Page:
Most U.S. government decisions are shaped by interest groups who benefit economically from those decisions. There’s a big and powerful medical industry that benefits from federal funding of medical research. There’s not much of a fusion lobby. Things may change as the oncoming disaster that is climate change becomes more and more apparent. Or they may not!

  7. I’ve been talking about new technologies for fighting climate change, with an emphasis on negative carbon emissions. Now let’s begin looking at one technology in detail […]

  8. cgopaul says:

    Congrats John on this urgently needed aspect on the technologies side. I recall us discussing this on google plus some years ago and your eagerness. Gates recently gave a grounded talk on the harsh reality of current renewables. It would be great to balance low tech and high tech, the grounded and the far-fetched. Looking forward to reading your posts. There are so many proposed technologies – proposed for different stages of ‘disaster’ mitigation and you’re going to be well on your way to be an energy advisor if you grasp and evaluate/analyze a reasonable number.

    One humble suggestion – maybe an arxiv overlay journal (or something else that’s cheap may be a way to get experts to write and/or continue the discussions). This needs to be a portal type of thing really, where policy makers and investors can get facts and expert analyses.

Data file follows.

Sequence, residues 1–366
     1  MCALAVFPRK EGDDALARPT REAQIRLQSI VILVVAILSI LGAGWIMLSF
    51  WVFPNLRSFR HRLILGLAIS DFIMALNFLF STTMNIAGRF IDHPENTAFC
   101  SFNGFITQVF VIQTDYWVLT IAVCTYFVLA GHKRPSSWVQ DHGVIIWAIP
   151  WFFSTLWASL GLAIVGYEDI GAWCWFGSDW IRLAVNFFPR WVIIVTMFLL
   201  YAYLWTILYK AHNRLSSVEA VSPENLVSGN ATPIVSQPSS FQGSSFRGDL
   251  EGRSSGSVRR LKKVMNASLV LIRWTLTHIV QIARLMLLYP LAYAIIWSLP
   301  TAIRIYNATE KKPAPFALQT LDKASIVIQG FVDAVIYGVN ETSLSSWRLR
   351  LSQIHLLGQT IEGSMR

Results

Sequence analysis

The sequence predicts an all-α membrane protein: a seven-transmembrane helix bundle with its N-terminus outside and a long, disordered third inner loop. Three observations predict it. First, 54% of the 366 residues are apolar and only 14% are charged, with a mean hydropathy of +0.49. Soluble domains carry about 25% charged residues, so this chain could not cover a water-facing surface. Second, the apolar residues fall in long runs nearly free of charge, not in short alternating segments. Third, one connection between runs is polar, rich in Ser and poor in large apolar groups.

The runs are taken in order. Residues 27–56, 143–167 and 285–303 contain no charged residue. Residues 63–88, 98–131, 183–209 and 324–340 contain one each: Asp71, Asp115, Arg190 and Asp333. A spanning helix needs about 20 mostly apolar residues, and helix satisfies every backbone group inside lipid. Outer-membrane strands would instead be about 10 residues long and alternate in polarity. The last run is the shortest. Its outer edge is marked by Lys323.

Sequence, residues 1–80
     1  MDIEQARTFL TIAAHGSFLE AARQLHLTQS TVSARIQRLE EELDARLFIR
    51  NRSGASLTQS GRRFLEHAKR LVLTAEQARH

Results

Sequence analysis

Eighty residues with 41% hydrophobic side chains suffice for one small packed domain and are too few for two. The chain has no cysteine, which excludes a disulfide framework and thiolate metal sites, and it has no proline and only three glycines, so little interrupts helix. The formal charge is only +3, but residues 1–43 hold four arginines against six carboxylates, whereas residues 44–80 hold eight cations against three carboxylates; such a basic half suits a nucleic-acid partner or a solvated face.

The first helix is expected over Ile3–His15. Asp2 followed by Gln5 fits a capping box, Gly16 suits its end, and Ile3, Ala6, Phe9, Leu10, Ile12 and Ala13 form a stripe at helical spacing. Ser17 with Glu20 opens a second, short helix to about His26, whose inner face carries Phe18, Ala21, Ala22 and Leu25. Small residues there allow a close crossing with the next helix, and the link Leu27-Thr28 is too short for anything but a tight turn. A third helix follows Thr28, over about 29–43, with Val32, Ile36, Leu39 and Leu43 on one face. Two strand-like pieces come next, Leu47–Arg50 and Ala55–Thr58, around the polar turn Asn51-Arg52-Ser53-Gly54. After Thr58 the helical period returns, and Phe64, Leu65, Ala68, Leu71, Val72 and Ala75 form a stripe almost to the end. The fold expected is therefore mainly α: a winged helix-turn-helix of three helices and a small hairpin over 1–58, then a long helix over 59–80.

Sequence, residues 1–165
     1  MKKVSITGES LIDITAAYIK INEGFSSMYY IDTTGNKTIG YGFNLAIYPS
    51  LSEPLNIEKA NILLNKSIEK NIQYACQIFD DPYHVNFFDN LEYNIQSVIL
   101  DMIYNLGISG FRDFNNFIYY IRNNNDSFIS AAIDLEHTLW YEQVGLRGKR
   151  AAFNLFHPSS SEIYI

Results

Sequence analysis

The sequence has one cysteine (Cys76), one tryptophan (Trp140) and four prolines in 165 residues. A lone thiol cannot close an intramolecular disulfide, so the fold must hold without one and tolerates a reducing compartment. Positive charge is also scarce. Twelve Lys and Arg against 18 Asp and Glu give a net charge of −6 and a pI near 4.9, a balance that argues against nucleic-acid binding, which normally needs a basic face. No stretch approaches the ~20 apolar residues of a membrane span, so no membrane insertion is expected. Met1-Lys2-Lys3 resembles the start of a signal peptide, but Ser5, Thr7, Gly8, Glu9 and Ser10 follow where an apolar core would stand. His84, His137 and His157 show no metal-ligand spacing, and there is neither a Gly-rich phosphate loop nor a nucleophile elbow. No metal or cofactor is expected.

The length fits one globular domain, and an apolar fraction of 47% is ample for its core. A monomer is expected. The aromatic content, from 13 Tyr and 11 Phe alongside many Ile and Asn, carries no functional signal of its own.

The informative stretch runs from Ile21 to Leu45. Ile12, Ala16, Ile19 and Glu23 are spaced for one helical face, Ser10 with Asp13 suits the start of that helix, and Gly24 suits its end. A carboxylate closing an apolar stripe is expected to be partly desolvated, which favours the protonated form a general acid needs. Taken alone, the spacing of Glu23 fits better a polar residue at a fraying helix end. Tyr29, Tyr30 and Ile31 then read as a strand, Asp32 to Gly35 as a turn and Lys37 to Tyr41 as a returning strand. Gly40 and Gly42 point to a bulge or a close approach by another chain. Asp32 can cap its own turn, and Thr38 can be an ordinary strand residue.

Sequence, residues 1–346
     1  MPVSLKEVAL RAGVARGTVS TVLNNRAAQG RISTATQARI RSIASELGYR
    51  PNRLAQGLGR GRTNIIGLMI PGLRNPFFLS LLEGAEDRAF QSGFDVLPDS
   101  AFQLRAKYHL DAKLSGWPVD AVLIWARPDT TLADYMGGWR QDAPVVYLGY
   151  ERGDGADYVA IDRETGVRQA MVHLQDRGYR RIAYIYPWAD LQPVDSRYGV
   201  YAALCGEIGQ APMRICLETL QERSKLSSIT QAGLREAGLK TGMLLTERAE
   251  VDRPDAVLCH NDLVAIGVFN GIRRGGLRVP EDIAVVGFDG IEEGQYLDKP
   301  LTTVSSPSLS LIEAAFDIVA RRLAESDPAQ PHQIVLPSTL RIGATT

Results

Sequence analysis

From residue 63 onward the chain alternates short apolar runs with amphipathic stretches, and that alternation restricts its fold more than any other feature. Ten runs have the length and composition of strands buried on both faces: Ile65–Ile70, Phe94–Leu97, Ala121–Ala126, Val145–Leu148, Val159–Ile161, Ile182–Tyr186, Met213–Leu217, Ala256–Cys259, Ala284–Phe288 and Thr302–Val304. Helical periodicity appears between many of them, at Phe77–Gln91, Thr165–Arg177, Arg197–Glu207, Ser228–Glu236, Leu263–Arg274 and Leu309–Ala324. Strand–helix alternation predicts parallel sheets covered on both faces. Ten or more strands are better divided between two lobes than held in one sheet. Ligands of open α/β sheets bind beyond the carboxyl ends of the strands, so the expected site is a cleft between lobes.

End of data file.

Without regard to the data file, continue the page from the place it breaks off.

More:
Excited to see how this unfolds.

    • John Baez says:

      Colin wrote:

      There are so many proposed technologies – proposed for different stages of ‘disaster’ mitigation and you’re going to be well on your way to be an energy advisor if you grasp and evaluate/analyze a reasonable number.

      I would like to become a consultant of this sort, and I may be starting to do that. But I need a lot of beautiful math in my life or I start feeling unhappy. So I’m trying to navigate some sort of path…

      One humble suggestion – maybe an arxiv overlay journal (or something else that’s cheap may be a way to get experts to write and/or continue the discussions).

      Some open-access journals on how to save the biosphere would be great — it’s a multi-pronged problem that goes way beyond carbon emissions, and too much of the technical material is locked behind paywalls. I don’t have the organizational skills to lead such an effort: I feel a bit overwhelmed just helping 6 grad students write their dissertations. Apparently I’m better at math and science than getting bunches of people to do things. But I’d be glad to help out.

      This needs to be a portal type of thing really, where policy makers and investors can get facts and expert analyses.

      Vincent Lafforgue is planning to set up a website where scientists trying to solve environmental problems can get help from mathematicians. That’s a somewhat different idea, which could also be great. There’s room for a lot of forums and portals like this, and I predict they will start springing up soon.

      One humble suggestion – maybe an arxiv overlay journal (or something else that’s cheap may be a way to get experts to write and/or continue the discussions).

  9. gsnprog says:

    Good for you! Looking foward to check your posts.